Aerosol Properties & Processes

link to Article
Research Highlight Climate: Global airborne mission finds a belt of particle formation is brightening clouds. Clouds alter Earth's radiative balance, depending on how bright they are, and starts a process that may occur over 40 percent of the Earth's surface, which may mean today's climate models underestimate the cooling impact of some clouds. Learn More Photo: Sam Hall, NCAR

Dr. Daniel M. Murphy, Program Lead
Sara Gibbons, Admin Support Assistant (303) 497-5074

NOAA Chemical Sciences Laboratory
325 Broadway R/CSL2
Boulder, CO 80305 USA


Focus

The Aerosol Properties & Processes research program studies processes of importance to climate, air quality, and precipitation.

Measurements

We measure the chemical, physical, and optical properties of aerosol particles from aircraft, ships, and ground sites as well as in the laboratory. By combining these with gas-phase and other measurements, we learn about the sources, sinks, and radiative properties of these particles. We also collaborate with aircraft measurements of cloud droplets.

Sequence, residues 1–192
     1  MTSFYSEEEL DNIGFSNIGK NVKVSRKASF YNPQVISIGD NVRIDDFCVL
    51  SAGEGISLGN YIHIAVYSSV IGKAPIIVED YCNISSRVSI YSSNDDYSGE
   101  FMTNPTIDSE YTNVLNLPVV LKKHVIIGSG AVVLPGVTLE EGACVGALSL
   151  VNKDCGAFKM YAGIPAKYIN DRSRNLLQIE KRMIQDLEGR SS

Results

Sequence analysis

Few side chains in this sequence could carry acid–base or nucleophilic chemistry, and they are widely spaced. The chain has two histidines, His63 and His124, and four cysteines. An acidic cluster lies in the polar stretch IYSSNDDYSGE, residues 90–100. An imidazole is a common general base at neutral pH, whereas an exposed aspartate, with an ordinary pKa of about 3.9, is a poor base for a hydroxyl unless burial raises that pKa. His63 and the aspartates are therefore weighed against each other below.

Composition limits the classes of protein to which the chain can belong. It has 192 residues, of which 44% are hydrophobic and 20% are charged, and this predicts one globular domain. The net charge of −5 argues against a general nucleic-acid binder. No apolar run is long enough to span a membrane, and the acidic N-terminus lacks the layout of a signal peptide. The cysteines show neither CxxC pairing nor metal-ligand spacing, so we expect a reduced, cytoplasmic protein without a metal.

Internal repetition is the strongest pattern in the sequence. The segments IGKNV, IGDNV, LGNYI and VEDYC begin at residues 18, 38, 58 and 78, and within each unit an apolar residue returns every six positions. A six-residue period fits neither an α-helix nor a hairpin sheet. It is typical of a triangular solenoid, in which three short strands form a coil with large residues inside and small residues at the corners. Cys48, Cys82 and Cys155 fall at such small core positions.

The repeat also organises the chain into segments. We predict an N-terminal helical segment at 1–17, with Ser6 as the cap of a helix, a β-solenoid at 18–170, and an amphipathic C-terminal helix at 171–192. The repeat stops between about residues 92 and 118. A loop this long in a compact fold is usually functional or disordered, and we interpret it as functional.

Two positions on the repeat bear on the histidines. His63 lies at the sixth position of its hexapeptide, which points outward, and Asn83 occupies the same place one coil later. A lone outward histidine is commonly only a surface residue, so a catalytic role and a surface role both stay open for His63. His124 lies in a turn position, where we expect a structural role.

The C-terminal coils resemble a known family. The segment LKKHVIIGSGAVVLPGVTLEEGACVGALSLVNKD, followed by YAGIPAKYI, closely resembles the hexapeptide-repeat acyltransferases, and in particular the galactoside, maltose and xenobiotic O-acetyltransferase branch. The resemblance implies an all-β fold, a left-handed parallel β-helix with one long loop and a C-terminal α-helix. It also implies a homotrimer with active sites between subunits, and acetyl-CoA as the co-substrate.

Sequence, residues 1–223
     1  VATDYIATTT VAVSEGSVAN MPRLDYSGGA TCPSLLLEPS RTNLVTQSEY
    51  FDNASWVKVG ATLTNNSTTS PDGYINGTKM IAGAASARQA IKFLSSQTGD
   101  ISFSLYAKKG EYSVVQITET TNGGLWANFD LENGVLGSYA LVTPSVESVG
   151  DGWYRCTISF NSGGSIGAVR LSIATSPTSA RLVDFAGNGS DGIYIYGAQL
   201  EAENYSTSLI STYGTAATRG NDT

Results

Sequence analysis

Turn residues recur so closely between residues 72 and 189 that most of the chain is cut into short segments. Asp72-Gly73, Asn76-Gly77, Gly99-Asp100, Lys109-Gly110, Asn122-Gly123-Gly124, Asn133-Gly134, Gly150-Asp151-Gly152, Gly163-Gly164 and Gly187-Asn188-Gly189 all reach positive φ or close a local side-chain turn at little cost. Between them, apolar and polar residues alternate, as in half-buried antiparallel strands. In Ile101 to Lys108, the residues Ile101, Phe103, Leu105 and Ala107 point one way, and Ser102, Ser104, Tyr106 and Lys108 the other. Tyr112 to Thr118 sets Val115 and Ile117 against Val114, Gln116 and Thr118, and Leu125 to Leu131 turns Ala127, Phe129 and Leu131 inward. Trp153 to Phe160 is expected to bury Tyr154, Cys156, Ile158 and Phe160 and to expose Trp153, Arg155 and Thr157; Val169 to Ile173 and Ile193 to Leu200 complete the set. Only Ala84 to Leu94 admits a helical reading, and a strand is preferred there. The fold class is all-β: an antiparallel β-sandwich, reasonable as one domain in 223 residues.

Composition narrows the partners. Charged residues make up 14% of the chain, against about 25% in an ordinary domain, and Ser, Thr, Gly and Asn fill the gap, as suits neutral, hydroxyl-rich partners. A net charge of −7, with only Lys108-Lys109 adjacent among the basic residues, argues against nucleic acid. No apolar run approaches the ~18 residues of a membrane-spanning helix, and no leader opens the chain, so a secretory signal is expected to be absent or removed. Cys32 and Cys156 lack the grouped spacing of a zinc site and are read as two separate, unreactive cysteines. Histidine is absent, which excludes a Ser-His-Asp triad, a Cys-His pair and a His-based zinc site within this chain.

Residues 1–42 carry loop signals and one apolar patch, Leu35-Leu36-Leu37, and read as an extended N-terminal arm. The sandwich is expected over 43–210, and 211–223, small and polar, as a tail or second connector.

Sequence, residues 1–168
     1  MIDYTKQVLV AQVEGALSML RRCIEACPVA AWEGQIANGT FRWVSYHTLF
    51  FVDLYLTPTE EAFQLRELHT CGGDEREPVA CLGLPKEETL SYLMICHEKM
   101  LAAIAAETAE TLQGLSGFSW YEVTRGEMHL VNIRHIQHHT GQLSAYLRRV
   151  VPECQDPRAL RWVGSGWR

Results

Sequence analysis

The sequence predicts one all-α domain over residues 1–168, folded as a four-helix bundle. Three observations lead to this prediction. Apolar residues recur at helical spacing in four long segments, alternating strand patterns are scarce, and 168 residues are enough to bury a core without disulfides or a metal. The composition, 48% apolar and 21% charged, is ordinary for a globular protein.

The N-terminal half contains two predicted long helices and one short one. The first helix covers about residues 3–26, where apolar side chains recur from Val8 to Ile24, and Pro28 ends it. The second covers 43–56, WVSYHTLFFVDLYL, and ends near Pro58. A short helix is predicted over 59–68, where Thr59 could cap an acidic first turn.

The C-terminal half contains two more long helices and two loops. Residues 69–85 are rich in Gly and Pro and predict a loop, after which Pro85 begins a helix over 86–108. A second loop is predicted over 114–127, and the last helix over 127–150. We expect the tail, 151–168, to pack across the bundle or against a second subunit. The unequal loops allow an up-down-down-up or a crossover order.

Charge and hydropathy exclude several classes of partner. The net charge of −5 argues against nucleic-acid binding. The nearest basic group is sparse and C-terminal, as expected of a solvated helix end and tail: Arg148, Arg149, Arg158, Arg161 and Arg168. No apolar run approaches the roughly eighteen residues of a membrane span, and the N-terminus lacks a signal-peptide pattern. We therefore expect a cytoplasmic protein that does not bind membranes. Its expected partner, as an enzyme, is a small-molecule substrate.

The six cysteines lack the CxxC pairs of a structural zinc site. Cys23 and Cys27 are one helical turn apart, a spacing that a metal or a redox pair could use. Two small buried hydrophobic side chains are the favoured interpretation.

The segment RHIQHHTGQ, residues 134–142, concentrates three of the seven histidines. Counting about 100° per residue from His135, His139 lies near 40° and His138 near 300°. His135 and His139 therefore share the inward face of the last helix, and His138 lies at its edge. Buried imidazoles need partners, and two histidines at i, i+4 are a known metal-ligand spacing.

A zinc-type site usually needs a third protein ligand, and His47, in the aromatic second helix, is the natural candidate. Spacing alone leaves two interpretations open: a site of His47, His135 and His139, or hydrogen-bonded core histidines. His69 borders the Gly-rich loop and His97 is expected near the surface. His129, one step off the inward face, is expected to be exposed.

Modeling

We use very detailed, small-scale models of new particle formation and ice nucleation in cirrus clouds. In addition, we collaborate with numerous modeling groups on how data on aerosols can constrain global and regional models of aerosols.

Collaborations

We participate in regional and global scale studies of aerosol and cloud properties from satellite data and monitoring networks. These studies lead to improved understanding of atmospheric processes with a strong emphasis on communicating this understanding through scientific publications, assessments, and development of instrumentation and modeling tools.

Publications

Publications

Field Projects

Field Projects
Studying emissions of trace gases and fine particles from oil and shale gas basins in the western U.S.

Models

Models
New particle formation and ice nucleation in cirrus clouds.

Measurements

Measurements
Research data from collaborative field missions.

Instruments

Instruments
Measuring physical, chemical, and optical properties of aerosol particles.